Steven Stamkos says he has seen the clip "a million times."
One year ago today, the Lightning captain broke his right leg sliding into a goal post in a game against the Bruins in Boston. A scary scene. A hush came over the TD Garden Center as one of the league's best players writhed in agony. After failing to get up, Stamkos remained face down, pounding the ice four times. One can see on the video that when head athletic trainer Tommy Mulligan came to his aid, Stamkos said, "It's broken."
Stamkos, 24, said he hasn't thought about that moment much since the season started, other than when he's asked. But there's a daily reminder that his surgically repaired leg doesn't feel quite right, whether it's stiff when he gets up or tender at the spot where there's still one screw remaining.
Stamkos, who enters tonight's game against the Blackhawks with a team-high 10 goals, knows this could be the new norm. However, he feels much better than he ever thought he would and said there's a "night and day" difference mentally.
"That's the million-dollar question: Is it ever going to feel the same way as before?" Stamkos said. "It may never. I'm hoping one day you wake up and there's no little pain, no discomfort, just feels like a regular leg. I don't know if that's going to happen."
Stamkos might have been playing the best hockey of his career and was a dominating force. Though he is not there yet, coach Jon Cooper says he's getting "really close."
"If he scores 10 goals every 15 games, I think we're in pretty good shape," Cooper said.
The Lightning is not a better team without Stamkos. But it might be a better team now, co-leading the league with 23 points, because it had to play without Stamkos for 45 games last season. That accelerated the development of rookies like Tyler Johnson and Ondrej Palat, thrust into first-line roles before becoming Calder Trophy finalists. J.T. Brown got called up after Stamkos' injury and became a key cog on the penalty kill.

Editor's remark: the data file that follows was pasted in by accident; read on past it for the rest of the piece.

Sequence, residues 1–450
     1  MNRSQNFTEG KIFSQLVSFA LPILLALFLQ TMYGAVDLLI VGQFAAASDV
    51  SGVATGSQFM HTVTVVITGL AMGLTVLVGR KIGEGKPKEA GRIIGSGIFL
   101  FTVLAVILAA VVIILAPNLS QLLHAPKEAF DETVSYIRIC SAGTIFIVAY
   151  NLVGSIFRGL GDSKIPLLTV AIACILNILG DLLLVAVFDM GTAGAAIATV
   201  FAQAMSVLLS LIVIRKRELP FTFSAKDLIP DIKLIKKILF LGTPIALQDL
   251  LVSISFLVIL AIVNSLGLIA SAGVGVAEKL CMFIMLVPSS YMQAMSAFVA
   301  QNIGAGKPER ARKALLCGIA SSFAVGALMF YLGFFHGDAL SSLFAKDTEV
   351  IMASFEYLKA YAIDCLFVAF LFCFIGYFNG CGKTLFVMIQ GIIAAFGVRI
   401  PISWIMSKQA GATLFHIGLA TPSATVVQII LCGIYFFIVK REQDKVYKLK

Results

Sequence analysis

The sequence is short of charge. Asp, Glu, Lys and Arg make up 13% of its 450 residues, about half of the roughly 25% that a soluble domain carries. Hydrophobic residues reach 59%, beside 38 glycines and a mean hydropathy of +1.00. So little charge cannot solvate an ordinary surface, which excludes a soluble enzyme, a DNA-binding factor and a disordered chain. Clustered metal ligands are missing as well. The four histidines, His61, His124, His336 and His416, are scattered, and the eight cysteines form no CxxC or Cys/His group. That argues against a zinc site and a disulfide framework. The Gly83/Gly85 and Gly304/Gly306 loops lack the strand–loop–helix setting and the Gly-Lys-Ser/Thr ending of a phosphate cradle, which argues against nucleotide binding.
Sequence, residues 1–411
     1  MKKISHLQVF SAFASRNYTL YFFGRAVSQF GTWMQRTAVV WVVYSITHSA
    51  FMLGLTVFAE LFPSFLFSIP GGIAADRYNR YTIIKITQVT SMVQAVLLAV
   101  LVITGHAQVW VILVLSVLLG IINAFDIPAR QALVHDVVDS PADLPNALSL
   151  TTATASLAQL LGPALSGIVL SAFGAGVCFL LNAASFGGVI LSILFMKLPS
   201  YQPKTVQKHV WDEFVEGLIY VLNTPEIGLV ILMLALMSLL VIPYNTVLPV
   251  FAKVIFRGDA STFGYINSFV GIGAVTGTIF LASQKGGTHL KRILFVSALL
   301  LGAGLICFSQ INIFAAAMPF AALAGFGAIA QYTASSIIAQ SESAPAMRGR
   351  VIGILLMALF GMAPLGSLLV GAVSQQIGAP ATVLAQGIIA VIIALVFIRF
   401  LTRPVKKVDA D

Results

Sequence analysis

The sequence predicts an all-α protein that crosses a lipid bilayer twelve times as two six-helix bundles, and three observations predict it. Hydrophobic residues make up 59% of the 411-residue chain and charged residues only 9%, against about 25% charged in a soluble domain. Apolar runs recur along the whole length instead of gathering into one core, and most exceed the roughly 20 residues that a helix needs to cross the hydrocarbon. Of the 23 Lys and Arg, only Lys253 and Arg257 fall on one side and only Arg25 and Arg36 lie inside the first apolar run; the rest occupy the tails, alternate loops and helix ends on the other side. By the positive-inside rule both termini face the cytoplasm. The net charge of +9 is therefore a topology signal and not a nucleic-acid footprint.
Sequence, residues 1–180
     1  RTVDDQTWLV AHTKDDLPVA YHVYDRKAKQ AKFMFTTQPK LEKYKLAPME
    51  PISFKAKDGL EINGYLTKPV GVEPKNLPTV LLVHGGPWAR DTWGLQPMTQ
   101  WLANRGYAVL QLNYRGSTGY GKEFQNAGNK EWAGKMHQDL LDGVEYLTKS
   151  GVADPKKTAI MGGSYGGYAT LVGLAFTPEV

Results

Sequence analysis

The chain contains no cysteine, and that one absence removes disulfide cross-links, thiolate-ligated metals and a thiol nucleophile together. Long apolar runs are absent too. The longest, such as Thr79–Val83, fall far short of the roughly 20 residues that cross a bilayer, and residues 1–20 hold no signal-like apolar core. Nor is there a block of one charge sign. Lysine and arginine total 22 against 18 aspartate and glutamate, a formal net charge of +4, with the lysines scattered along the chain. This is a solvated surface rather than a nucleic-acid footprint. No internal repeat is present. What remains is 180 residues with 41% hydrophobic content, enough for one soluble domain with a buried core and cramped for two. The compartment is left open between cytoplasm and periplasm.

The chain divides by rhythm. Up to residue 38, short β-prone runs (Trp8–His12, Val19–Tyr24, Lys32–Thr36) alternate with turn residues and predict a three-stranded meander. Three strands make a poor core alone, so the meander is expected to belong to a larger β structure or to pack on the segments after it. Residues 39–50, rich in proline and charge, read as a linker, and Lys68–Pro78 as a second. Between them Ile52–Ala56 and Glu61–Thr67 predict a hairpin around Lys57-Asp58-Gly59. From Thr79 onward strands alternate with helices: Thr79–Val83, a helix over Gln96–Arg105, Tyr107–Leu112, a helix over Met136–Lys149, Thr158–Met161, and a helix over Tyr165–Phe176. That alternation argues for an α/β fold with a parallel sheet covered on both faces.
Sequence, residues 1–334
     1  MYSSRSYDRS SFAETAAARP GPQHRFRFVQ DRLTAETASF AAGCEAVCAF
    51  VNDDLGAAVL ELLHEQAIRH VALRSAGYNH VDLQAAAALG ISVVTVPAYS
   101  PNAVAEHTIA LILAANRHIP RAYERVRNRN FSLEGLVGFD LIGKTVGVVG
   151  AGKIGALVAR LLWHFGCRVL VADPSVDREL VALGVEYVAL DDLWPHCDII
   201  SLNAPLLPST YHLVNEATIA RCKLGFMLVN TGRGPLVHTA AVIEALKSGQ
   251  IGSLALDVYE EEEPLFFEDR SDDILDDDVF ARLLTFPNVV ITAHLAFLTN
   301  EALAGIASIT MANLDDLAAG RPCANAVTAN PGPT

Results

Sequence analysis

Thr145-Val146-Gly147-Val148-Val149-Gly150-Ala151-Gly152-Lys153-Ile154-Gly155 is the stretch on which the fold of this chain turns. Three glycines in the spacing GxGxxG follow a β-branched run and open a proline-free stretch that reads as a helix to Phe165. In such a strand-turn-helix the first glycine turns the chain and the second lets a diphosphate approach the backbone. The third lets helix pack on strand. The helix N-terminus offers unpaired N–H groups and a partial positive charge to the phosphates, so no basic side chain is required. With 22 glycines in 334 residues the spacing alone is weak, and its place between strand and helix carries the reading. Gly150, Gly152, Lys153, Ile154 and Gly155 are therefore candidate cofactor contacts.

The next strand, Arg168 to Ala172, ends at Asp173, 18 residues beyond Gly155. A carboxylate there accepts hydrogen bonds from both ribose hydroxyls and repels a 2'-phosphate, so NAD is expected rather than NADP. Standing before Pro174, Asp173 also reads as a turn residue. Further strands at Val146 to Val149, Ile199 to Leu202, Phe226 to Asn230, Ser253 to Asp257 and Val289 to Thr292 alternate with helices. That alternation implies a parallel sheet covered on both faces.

Johnson said the mood around the team was "hush hush" after Stamkos' injury. But he admits he benefited from the opportunity it created.
"I definitely got thrown into situations a lot earlier than I probably ever would have," said Johnson, who has five goals and a team-high 18 points this season. "I don't know how things would have been different. I was playing the third line, about 10 minutes a game, and all of a sudden, you're bumped up to 20 minutes, it's quite a big difference.
"You never want something like that to happen, but at the same time, it helped me out trying to adjust my game to the NHL."
And having success without Stamkos, finishing third in the Eastern Conference last season, made it a little easier mentally to handle the loss this season of top defenseman Victor Hedman, out since Oct. 18 with a fractured finger. Tampa Bay is 8-2 since he went down.
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"It's like, 'Okay, we've been through this before,' " Cooper said. "We know how to get through this."
Just 17 games into his first full season as NHL head coach, Cooper had lost his best player — for a long time. "(I thought) probably something in my head like, 'This is not going to work out so well,' " he said.
Cooper said it was a test for everyone, and they've all passed. Stamkos says he doesn't think about his leg on the ice and does everything instinctively. There was one scare Sunday when Stamkos came to the bench shaking his leg, but Cooper quickly found out he was okay. Cooper said it might take this full season before Stamkos is his old self.
"The scary thing is," goaltender Ben Bishop says, "he's only going to get better."
Contact Joe Smith at firstname.lastname@example.org. Follow @TBTimes_JSmith.